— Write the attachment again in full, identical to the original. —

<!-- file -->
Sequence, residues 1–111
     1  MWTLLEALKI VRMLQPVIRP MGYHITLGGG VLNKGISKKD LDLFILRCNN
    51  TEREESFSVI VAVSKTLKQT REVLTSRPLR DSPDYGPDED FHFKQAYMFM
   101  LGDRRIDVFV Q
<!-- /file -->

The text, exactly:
Sequence, residues 1–111
     1  MWTLLEALKI VRMLQPVIRP MGYHITLGGG VLNKGISKKD LDLFILRCNN
    51  TEREESFSVI VAVSKTLKQT REVLTSRPLR DSPDYGPDED FHFKQAYMFM
   101  LGDRRIDVFV Q